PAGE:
Esigodini kids go digital

2009-02-24 00:00

What began as an idea years ago has materialised in just a matter of weeks. A new community centre in Esigodini opened its doors yesterday after construction began just three weeks ago.

The Siyabonga-Helping Hands for Africa Community Centre was created mainly to educate the children of the poverty-stricken community.

“It’s been a long time coming,” said René Risch, project leader and founder of the organisation.

“It’s a very emotional thing to see the product of all our hard work and energy.”

The centre is the latest development to come out of the organisation. About 420 pupils are being helped, not only in terms of schooling, but also in areas from health to housing.

Risch started the organisation in 2004 while working in the tourism industry. Many of his German clients promised to help after visiting the rural areas around Pietermaritzburg.

He gave the assurance that the centre would enhance the work of Siyabonga-Helping Hands for Africa in the community.

“This is the beginning of a big step in terms of our work in this community,” he said.

The showpiece of the community centre is its fully equipped computer classrooms, with 42 top-of-the-range notepad computers donated by Hewlett Packard (HP) and two digital white-boards sponsored by Smart Technology.

The computers will be used to teach the 240 pupils from neighbouring Esigodini Primary School and 180 more from Imbali who have been taken under the organisation’s wing.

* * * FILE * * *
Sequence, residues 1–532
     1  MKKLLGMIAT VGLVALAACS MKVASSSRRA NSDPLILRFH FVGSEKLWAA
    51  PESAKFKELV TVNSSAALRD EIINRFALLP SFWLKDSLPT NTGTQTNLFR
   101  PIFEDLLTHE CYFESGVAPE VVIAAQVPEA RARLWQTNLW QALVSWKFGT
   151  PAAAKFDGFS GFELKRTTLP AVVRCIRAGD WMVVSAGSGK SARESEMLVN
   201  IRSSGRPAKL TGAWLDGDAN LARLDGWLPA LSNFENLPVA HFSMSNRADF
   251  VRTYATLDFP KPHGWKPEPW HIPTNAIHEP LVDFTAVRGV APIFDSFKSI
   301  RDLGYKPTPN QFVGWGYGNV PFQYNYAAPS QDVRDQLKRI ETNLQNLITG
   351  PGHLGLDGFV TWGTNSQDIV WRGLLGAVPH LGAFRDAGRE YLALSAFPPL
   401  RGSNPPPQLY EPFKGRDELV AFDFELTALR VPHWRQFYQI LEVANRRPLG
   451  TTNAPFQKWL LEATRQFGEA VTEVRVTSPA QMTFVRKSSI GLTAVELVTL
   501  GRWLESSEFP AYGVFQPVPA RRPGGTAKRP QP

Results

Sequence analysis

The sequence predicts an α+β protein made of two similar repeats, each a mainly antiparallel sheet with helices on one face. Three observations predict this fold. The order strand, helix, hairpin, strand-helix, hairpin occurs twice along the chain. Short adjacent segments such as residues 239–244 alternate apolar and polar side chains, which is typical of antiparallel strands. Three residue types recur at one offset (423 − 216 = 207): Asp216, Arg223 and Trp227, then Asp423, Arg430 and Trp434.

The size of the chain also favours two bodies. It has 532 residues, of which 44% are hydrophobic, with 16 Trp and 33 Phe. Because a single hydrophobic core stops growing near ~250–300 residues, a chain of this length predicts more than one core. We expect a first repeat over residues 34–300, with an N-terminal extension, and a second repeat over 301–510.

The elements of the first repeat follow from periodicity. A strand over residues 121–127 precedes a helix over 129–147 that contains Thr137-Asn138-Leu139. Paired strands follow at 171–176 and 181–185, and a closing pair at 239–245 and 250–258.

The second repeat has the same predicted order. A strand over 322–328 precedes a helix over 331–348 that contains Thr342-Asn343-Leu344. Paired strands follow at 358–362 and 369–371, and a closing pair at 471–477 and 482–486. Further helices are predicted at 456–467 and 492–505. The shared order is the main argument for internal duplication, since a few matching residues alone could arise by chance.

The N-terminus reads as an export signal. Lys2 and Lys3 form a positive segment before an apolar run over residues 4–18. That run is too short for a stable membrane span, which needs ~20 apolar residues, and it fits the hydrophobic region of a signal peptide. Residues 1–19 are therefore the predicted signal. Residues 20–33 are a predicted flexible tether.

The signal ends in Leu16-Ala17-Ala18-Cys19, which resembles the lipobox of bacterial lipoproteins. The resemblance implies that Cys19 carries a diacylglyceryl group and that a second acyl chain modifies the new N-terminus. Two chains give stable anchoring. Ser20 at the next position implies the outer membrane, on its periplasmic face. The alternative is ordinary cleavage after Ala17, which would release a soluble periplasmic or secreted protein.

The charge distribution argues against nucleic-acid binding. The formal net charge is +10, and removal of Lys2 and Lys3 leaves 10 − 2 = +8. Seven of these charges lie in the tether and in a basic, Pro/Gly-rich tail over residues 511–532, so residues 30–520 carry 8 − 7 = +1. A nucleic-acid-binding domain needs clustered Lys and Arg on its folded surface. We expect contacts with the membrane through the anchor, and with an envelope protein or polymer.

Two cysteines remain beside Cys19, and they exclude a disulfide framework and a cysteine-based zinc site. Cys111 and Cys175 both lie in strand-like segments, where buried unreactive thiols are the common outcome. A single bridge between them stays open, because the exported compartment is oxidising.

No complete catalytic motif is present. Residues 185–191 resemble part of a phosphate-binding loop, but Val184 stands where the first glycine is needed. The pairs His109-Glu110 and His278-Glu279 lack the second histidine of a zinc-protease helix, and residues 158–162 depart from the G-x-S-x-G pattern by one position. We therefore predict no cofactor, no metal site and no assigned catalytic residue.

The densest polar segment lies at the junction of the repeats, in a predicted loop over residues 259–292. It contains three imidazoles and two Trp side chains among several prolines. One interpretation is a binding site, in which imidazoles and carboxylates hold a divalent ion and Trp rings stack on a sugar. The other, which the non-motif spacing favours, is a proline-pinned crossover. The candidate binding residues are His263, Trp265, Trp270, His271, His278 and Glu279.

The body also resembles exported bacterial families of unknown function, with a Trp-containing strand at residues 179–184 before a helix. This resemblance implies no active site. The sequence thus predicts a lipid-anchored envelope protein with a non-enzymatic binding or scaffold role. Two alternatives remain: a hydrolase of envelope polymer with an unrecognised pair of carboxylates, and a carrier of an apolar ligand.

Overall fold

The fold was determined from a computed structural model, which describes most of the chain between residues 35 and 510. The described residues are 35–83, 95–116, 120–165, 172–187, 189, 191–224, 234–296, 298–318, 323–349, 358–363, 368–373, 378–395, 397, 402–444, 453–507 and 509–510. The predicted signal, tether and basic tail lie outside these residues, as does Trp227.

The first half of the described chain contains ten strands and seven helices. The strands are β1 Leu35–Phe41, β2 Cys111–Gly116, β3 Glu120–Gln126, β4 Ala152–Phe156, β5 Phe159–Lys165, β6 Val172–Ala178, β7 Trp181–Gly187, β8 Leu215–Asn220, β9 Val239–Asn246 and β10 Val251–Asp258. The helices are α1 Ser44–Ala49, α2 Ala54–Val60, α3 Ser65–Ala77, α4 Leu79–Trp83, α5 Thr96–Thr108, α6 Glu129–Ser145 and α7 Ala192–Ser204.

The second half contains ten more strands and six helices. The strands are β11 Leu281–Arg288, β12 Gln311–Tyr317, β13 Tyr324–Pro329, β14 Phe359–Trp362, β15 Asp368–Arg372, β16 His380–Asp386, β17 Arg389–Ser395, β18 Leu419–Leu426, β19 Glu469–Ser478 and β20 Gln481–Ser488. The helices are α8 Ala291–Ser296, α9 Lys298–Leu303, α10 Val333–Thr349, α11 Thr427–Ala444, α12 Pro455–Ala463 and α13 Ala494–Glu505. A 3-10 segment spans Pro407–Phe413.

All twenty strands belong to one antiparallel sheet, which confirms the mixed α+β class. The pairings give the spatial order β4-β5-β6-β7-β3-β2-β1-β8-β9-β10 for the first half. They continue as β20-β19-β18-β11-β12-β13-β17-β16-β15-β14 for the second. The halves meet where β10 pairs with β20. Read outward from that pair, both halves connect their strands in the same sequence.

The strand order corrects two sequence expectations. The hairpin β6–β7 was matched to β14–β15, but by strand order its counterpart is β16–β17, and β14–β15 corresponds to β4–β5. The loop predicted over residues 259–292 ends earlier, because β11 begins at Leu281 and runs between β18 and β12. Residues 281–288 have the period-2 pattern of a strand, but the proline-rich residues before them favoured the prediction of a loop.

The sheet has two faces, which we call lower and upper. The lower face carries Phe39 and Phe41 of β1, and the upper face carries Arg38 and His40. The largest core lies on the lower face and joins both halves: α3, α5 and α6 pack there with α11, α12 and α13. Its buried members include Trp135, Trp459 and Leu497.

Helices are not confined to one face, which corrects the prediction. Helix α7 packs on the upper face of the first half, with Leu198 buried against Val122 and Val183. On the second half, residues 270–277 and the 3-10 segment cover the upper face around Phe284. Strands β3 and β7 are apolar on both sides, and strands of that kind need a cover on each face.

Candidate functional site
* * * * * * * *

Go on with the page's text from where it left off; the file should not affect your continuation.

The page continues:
“We want each of these children to get at least an hour’s training per day with the computers,” Risch said. “We’ve hired two teachers who will teach adult classes in the morning and the children after school.”

HP representative Damien Durrant said the community centre is a great opportunity for the company to become involved at a grassroots level and that it will continue to help with the project.

“We will see where it is possible to expand in this project — this is an opportunity to really empower disadvantaged people by giving them a first-class education,” Durrant added.

The centre also has a sewing room where sewing lessons will be held and a community hall equipped to screen educational films every Saturday.

Risch said the aim is to develop the Esigodini centre before starting similar projects.

And the next step? A fully stocked library, said Risch.

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